Sitting in the apparently safe lobby of his father's gun club, a teenage boy is mysteriously shot dead. Ballistics, laser technology, scale models and forensic animation reveal the bullet's amazingly tragic path - and who was responsible.
A woman mysteriously disappears, and police detect blood on her bedroom carpet. Testing with the chemical Luminol reveals a room awash in blood spatter. DNA testing confirms the victim's identity. Can police find her body - and the killer?
Early one morning in a deserted area outside of Phoenix, a motorcyclist discovered the body of a young woman. She had been beaten, bound, strangled and possibly raped. The nearby plants would tell investigators more about the killer than any other single piece of evidence.
Shortly after Thanksgiving in 1987, an intruder broke into a residence in Arlington, Virginia. That crime launched a new era in police investigations: DNA evidence and psychological profiling helped catch a serial killer and free an innocent man.
Philadelphia, the birthplace of the United States, played host to millions of tourists and hundreds of gatherings as America celebrated its 200th year of independence. History was made that summer of 1976 - not because of the bicentennial, but because of the mysterious death of 34 people at an American Legion convention. The groundbreaking investigation by the CDC had to explain why dozens inside a hotel - and some who just walked by outside - all got sick.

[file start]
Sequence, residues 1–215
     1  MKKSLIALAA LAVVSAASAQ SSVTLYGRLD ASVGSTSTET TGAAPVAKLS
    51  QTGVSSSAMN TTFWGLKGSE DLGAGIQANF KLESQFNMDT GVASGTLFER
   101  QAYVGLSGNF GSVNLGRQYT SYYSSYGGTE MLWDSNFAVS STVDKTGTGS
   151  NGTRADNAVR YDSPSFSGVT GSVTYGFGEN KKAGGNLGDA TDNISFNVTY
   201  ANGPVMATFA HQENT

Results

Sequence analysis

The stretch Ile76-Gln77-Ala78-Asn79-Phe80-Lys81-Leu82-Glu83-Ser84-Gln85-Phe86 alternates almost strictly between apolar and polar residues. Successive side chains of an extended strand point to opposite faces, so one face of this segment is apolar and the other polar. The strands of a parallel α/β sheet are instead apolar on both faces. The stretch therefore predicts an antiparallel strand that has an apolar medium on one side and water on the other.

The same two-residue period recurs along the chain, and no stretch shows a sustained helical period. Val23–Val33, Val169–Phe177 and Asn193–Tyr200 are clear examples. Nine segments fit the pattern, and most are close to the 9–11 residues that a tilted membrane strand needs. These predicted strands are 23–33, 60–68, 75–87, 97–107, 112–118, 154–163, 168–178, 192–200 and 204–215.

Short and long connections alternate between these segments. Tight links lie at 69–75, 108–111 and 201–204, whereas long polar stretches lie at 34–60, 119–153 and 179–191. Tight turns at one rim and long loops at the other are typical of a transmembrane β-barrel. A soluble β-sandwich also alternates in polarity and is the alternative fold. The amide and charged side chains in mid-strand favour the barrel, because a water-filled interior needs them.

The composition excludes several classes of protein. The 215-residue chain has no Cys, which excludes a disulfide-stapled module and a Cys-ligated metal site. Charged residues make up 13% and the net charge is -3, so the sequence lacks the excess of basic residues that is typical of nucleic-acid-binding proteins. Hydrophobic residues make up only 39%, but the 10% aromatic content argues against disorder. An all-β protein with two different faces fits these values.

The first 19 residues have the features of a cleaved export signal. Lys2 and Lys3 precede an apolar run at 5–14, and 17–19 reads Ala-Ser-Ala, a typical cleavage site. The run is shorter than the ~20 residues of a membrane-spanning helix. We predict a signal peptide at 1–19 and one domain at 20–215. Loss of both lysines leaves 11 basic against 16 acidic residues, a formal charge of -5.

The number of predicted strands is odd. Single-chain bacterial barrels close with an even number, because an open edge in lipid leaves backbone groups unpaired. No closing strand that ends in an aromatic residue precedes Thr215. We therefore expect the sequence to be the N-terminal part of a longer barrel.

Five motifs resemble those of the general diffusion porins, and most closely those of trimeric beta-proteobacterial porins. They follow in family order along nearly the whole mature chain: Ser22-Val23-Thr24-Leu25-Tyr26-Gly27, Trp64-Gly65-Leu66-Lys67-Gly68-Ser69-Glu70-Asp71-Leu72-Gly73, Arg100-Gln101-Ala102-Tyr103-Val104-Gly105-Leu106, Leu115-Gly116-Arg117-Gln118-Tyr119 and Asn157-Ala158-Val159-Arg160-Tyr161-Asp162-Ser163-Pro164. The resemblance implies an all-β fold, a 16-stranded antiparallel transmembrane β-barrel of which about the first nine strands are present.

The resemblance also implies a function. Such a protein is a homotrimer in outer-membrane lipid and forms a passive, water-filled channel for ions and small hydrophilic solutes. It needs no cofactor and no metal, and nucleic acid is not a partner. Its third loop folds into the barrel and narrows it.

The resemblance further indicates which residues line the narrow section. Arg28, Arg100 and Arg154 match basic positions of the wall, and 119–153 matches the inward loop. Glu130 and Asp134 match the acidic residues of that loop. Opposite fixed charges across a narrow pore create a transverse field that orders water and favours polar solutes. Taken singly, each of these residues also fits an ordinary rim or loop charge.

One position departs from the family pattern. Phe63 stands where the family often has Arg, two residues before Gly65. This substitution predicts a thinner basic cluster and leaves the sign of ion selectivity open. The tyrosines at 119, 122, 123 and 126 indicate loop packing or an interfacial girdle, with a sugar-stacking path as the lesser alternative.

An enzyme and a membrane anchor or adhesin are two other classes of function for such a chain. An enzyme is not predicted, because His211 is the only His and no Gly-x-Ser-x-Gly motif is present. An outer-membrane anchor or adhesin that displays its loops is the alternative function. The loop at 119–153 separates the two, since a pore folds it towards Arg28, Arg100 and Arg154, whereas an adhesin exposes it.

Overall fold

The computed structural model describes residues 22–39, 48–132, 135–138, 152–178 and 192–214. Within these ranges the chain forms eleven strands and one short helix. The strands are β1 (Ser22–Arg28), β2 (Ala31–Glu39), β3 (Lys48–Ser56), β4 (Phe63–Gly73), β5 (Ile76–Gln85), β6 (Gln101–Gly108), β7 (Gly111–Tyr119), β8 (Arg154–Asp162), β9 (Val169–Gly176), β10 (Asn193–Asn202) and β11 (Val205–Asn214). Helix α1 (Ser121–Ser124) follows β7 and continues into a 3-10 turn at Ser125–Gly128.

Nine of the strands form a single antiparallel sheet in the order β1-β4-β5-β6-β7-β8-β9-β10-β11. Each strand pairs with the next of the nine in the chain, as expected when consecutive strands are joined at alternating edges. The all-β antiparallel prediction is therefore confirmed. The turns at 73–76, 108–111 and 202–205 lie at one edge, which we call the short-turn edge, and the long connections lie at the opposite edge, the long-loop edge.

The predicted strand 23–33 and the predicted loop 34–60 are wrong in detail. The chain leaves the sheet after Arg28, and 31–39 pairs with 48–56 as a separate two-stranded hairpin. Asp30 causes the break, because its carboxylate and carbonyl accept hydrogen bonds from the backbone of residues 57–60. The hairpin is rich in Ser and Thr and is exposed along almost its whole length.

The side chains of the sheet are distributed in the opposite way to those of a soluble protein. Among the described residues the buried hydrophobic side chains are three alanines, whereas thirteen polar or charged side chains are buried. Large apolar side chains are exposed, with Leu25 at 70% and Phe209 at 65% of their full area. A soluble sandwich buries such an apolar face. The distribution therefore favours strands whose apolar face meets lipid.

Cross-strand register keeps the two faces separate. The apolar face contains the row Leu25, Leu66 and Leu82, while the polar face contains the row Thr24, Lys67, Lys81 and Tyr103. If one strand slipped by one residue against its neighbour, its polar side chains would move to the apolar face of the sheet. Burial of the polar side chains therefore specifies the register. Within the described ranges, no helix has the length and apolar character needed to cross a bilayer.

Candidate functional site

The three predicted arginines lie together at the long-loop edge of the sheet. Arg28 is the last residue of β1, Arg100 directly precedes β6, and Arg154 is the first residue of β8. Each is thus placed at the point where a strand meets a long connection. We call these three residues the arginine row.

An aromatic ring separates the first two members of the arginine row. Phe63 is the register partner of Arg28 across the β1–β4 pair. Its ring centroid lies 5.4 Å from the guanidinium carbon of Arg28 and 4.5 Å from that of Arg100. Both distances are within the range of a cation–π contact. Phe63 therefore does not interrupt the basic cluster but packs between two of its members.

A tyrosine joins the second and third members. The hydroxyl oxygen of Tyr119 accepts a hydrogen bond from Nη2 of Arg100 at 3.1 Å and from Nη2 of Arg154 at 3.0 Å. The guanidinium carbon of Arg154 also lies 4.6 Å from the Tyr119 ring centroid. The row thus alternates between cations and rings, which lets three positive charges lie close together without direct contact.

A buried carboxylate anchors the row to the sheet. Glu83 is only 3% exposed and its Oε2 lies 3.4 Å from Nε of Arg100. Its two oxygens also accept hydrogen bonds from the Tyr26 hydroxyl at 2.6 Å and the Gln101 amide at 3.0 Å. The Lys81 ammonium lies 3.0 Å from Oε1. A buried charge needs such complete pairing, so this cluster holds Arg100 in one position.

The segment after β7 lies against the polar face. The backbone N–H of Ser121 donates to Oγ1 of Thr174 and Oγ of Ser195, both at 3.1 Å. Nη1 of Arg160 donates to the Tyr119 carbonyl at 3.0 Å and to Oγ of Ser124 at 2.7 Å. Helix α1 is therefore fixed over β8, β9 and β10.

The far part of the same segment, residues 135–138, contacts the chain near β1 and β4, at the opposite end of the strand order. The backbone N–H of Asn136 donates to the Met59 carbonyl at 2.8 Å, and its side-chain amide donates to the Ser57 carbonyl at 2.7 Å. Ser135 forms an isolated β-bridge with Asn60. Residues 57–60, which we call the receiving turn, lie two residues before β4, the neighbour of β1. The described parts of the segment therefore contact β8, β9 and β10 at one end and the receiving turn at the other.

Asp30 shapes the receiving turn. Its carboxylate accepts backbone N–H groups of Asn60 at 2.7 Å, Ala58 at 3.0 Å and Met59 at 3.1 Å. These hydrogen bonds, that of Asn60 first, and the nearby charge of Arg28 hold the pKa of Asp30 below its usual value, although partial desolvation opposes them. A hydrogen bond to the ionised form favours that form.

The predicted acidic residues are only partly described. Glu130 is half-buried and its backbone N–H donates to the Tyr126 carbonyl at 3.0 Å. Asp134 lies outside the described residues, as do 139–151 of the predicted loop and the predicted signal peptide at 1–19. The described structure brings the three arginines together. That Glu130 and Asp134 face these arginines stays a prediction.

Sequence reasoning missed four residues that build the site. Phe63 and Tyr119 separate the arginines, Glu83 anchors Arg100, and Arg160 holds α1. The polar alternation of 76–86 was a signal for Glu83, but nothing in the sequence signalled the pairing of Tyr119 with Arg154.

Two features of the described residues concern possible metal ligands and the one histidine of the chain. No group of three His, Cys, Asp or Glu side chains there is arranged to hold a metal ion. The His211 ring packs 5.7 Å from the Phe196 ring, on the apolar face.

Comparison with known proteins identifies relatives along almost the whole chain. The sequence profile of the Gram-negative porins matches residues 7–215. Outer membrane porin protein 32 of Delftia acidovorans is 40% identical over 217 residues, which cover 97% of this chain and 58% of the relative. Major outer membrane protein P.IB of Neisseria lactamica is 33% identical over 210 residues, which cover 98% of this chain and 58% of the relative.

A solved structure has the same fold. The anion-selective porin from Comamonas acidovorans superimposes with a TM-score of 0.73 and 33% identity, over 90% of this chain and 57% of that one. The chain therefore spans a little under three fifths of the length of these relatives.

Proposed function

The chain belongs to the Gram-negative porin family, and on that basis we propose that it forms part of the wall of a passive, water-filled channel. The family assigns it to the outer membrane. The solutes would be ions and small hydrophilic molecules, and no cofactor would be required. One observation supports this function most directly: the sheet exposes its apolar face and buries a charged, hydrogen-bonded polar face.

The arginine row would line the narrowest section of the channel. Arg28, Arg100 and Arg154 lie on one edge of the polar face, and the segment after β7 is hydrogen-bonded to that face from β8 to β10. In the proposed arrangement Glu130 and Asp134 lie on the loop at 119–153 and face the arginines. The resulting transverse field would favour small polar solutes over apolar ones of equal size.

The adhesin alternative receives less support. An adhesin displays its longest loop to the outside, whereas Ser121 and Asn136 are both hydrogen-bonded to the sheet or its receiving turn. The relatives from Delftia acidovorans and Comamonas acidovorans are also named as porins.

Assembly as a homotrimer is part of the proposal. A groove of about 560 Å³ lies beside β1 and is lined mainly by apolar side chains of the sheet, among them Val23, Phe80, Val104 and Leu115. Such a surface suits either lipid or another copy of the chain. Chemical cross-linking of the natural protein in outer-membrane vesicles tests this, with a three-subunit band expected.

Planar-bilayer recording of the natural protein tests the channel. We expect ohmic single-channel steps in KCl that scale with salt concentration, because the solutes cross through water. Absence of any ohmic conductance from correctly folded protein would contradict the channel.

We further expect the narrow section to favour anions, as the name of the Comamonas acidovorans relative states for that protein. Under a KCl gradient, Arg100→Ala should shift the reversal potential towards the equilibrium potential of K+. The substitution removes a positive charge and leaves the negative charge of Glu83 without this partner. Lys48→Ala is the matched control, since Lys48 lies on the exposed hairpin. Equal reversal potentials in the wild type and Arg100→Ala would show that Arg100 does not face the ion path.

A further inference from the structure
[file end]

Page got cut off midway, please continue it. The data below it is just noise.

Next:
On the night of May 22, 1992, Betty Wilson returned home after a meeting. She walked up the stairs to the bedroom and discovered her husband, lying in a pool of blood. Jack Wilson had obviously been murdered... but how? And by whom? Even the experts couldn't agree.
Eleven children in an elementary school in Phoenix contracted childhood leukemia; nine of them died. And in Guilford, Connecticut, five people were diagnosed with brain tumors on a street where there were only nine homes. Two towns, two cancer clusters, two mysteries. The investigation answered some questions, but raised many more.
Between 1985 and 1988, 18 people were choked, molested and left for dead in the remote desert mountains of California. The only witnesses were the insects - and they also proved to play an important role in solving the crimes and bringing the killer to justice.
In 1985, 121 people in South Dakota and Minnesota were struck with a mysterious illness. There had been only one outbreak like it, and when it happened then, no one could figure out why. This time, disease detectives would use scientific tools to unravel a mystery centered on the technique of a butcher.
In 1991 after a weekend earning wilderness merit badges, a boy scout ended up with slight fever and diarrhea, sending him to the hospital. His kidneys started shutting down and his diarrhea turned into hemorrhaging, leaving doctors puzzled.